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A Splendid Aid for House Cleaning, 1909

We admit to some puzzlement.  We can see how sewing machines and lawn mowers might be splendid aids for house cleaning, but we’re not sure how “Go Carts” fit into that picture.  On the other hand, we’ll admit to being less than expert when it comes to spring cleaning.  Helpful purchase suggestions from Jordan, Thomas & Co. of Skidmore, Missouri in the Skidmore New Era, April 15, 1909, page 7 (select to read):

A splendid aid for house cleaning.  As housecleaning progresses and you find that new things are going to be needed, we want your thoughts to be of this store -- when you think of new things we want you to think of Jordan, Thomas & Company.  It's the store at which your wants will be easiest supplied, and a handsome saving will be yours if you patronize this store. May we not be favored with a call?  Special prices:  Rugs (room size), $10.00 and up.  Couches (guaranteed), $7.50 and up.  Book Cases, $10.00 and up. Iron Beds, $2.00 and up.  Dressers, $9.00 and up.  Go Carts, $2.50 and up.  Dining Room Chairs, set, $4.00 and up.  Sewing machines, $12.00 and up.  Oil stoves, $5.00 and up.  Lawn mowers, $3.00 and up.  See us and get our prices before buying.  Perfection oil stoves, two and three burners.  Call and see them at Jordan, Thomas & Company's.

A Splendid Aid for House Cleaning, from Jordan, Thomas & Co in the April 15, 1909 Skidmore New Era.

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Miss Ona Wade Leaves for Anacortes, Washington

We are sorry to see Miss Ona Wade leave.  From the April 29, 1909 edition of the Skidmore New Era (Skidmore, Missouri), page 7:

Farewell to Miss Ona Wade.

Sunday school classes Nos. 4 and 5, of the M. E. church, gave a farewell, Tuesday evening, at the M. E. church to Miss Ona Wade, a member of Class No. 4, a young ladies’ class taught by T. L. Howden, class No. 5 is a young men’s class taught by Mrs. Henry Barrett.

Miss Ona has spent her life in the town and her many young friends are very loath to have her leave their circles, where she has been a favorite among them.  In token of their high esteem, the classes presented her with a very beautiful silk waist pattern.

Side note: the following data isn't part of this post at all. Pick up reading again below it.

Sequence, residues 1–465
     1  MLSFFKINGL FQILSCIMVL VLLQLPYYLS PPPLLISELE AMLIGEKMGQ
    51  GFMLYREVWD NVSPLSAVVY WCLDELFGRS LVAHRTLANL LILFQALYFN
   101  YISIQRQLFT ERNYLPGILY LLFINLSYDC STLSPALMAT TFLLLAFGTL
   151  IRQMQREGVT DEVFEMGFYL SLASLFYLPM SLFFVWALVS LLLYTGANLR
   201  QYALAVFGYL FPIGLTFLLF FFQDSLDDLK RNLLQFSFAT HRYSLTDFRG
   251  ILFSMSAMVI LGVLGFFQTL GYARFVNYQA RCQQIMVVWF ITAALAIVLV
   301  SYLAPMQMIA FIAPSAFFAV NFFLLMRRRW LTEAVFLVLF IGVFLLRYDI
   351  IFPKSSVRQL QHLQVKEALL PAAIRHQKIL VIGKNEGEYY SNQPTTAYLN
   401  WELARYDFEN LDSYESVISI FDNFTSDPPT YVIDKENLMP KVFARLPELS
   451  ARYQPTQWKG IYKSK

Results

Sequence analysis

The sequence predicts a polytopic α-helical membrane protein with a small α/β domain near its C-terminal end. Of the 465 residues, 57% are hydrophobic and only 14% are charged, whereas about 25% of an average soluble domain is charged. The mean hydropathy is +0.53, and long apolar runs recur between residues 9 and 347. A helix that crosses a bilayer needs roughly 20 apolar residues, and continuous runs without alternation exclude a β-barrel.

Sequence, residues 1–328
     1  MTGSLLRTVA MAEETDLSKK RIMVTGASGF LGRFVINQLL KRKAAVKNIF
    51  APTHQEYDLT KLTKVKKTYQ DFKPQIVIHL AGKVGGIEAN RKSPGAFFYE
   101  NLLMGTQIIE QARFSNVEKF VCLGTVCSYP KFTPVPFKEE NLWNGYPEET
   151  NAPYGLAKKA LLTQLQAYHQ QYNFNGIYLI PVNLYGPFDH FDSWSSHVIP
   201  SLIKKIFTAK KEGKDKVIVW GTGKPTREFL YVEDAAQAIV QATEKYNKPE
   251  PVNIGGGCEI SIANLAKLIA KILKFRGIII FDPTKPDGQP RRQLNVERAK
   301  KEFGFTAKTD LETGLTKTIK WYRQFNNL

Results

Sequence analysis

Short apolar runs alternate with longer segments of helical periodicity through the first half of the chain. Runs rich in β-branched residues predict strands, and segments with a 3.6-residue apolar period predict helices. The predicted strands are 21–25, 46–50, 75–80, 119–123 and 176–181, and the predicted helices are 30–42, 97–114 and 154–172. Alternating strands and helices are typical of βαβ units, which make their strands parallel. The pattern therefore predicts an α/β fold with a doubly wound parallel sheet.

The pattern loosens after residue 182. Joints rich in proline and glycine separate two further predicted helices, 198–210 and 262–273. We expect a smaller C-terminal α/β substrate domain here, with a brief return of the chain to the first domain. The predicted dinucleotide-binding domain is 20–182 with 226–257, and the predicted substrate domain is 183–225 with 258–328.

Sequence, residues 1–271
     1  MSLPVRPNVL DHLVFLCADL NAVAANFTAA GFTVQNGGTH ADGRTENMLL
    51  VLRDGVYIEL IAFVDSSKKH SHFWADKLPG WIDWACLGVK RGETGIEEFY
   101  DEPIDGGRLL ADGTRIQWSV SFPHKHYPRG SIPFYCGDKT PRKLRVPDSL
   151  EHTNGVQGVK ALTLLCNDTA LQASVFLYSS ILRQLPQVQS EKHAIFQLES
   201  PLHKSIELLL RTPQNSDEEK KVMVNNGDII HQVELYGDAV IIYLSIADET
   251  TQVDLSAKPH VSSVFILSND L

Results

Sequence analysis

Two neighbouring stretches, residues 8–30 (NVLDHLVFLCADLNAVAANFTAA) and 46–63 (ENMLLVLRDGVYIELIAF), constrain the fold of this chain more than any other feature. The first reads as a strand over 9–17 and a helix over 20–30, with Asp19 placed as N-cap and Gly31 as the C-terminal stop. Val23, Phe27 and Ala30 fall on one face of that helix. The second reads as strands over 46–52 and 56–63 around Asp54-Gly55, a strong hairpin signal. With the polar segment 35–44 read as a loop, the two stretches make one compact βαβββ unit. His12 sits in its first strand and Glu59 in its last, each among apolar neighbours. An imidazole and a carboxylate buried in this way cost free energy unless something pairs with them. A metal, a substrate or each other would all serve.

Miss Ona leaves Thursday, with her mother, for Anacortes, Washington, where she will make her future home.


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Oh, that we should have such a problem as peachitis!  (Cucumber-itis and zucchini-itis, sure, but peachitis?  We’re skeptical.)  From the March 21, 1907 edition of the Skidmore New Era (Skidmore, Missouri), page 4:

A Kansas exchange gets off the following:  There is a new disease in town. It is called peachitis.  It has its origin in this way:  Last summer every woman in town put up hundreds of quarts of peaches, fearing that such an immense crop meant that no more peaches would ever be raised.  These peaches must be eaten, and with peaches for breakfast, supper and dinner people of very nervous temperaments are beginning to develop a sort of peach insanity.  One man yesterday, when passed the peaches at dinner, began to mumble something about having eaten his way through peaches during October, November, December and January, and here it was February and he couldn’t see that there was a peach less in the house.  Another man, when the peaches were passed at supper last night, ran out on the street and dragged every one who passed into the house and made them eat a dish of peaches.  “You have to help us or we will perish,” was his cry, and his manner was so wild that no one dared to resist him.